Randy and Mark also sought ways to grow their equity outside of the Land View Farms, LLC partnership and in 2007 they created a satellite dairy in Cambridge, NY.
“We established a partnership with a third person and called it Venture Dairy,” Rand explained. Now owned solely by Randy and Mark, Venture Dairy is 11 miles away from the main farm and houses between 325-350 dry cows.
Plans for expansion eventually included bringing calves and heifers back to the farm. Randy dedicated hours to researching labor efficiencies and designing a heifer barn that allowed the farm to bring home 650 heifers in October 2012 without adding any additional labor expenses.
“The whole barn takes us 1.5 hours to feed and 45 minutes to walk through and heat detection,” Randy said proudly.
Between both farms we are up to 1,225 cows total.
The farm needs diverse talents
A significant part of the farm’s success lies in the diverse talents of the owners.
With a background in agronomy, Mark specializes in the planting and harvesting of crops. He has an interest in soil health and techniques that can be used to improve soil health.
“We try our best to work with nature to improve growing on every acre,” he said. Using a combination of one pass tillage, conventional tillage, cover crops and the incorporation of manure, he is pleased with the uniformity of their crops. “This has been our hardest spring yet with the weather,” he said, “but our corn is pretty uniform.”
Randy on the other hand, most enjoys nurturing the relationships necessary to keep the farm operating smoothly. He manages the dairy and the staff. “We have very low employee turnover and have very good, qualified help,” Jane said proudly.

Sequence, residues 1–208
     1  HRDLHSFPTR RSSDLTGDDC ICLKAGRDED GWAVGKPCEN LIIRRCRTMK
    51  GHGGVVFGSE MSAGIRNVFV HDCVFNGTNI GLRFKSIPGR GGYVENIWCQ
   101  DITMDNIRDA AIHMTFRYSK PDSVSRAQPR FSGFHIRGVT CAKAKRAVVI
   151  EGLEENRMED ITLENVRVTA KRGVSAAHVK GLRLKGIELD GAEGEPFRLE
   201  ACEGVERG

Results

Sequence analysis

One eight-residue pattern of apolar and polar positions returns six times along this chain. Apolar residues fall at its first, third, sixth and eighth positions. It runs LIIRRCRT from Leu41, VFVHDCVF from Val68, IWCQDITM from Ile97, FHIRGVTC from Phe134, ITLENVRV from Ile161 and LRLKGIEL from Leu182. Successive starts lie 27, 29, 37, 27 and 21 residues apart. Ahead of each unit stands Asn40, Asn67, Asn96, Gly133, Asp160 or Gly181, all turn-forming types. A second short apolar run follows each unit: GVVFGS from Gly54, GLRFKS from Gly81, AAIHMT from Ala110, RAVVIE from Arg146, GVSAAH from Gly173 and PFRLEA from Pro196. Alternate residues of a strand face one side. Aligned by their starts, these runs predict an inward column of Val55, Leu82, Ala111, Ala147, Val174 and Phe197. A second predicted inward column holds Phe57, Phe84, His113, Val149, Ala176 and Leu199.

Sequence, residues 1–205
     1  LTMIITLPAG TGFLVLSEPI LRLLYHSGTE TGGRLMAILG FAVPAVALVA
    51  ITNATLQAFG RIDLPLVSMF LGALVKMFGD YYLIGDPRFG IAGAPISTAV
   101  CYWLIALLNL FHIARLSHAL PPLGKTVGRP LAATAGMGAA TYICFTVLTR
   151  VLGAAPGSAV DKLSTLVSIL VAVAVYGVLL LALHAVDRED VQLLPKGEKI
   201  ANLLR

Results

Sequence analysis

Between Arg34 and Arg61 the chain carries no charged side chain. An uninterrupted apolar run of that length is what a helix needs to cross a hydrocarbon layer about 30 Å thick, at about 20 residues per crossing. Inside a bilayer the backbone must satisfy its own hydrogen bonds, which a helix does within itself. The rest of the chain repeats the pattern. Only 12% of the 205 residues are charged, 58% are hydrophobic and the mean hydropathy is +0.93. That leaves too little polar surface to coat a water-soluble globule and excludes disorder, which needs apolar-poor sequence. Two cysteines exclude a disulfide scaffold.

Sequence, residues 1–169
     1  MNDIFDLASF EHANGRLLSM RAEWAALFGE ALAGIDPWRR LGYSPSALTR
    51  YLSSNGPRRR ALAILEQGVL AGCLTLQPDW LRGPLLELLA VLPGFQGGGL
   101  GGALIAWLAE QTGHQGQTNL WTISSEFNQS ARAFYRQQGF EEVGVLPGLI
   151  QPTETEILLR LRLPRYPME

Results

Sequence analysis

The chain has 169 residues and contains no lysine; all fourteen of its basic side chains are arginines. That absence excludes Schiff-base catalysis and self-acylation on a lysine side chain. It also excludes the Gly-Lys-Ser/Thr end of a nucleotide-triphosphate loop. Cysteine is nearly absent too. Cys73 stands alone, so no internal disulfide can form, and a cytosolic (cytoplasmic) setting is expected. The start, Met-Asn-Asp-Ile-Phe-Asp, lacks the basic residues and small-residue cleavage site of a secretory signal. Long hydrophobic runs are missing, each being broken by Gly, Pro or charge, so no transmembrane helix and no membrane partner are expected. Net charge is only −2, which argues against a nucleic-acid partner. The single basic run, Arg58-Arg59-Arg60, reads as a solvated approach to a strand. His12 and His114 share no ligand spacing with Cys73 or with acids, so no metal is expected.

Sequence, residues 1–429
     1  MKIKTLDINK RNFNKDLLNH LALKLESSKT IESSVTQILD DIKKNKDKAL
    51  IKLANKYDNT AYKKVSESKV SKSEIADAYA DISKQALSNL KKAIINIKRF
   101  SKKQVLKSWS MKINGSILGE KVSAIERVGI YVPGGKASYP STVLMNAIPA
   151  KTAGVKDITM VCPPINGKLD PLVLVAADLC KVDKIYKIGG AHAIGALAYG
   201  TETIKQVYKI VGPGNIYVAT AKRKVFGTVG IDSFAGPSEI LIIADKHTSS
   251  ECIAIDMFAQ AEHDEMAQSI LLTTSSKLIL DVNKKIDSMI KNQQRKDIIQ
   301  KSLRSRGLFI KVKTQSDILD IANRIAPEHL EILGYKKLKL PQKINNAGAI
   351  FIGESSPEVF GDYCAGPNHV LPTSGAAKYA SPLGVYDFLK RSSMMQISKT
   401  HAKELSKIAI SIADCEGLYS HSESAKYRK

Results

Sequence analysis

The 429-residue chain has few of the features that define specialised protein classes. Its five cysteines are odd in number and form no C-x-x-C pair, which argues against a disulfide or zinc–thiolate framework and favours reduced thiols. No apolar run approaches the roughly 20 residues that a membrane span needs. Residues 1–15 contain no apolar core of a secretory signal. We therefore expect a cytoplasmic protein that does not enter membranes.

Randy and wife, Rebecca, have three daughters. Madeline (11), Molly (9) and Mary (5) who have all been active showing goats, horses and calves at the fair for the past few years.
Rody loves the challenges. “I consider myself the visionary of the farm because I am always interested in growth,” he said. He has a particular interest in succession planning and establishing trusts. He has worked very hard to ensure all members of the partnership are equally protected.
The next generation
Only time will tell if Randy and Rebecca’s daughters will have an interest in working on the farm one day, “but two out of the three already have a love for animals,” he said.
This year will be the first year, all three of their daughters will show calves at the Washington County Fair. Madeline, the eldest, has shown goats, horses and calves for several years and her sisters will join in her showing calves.
It has become a tradition to pick a theme before naming calves to take to the fair. This year’s theme is “food and drinks”. The girls named their calves Peppermint Patty, Oreo Cookie and Sour Patch in honor of their favorite candies.
“The girls come down every night to practice leading their calves and to clean them,” Rebecca said, “they do really well in Showmanship because they spend so much time practicing.”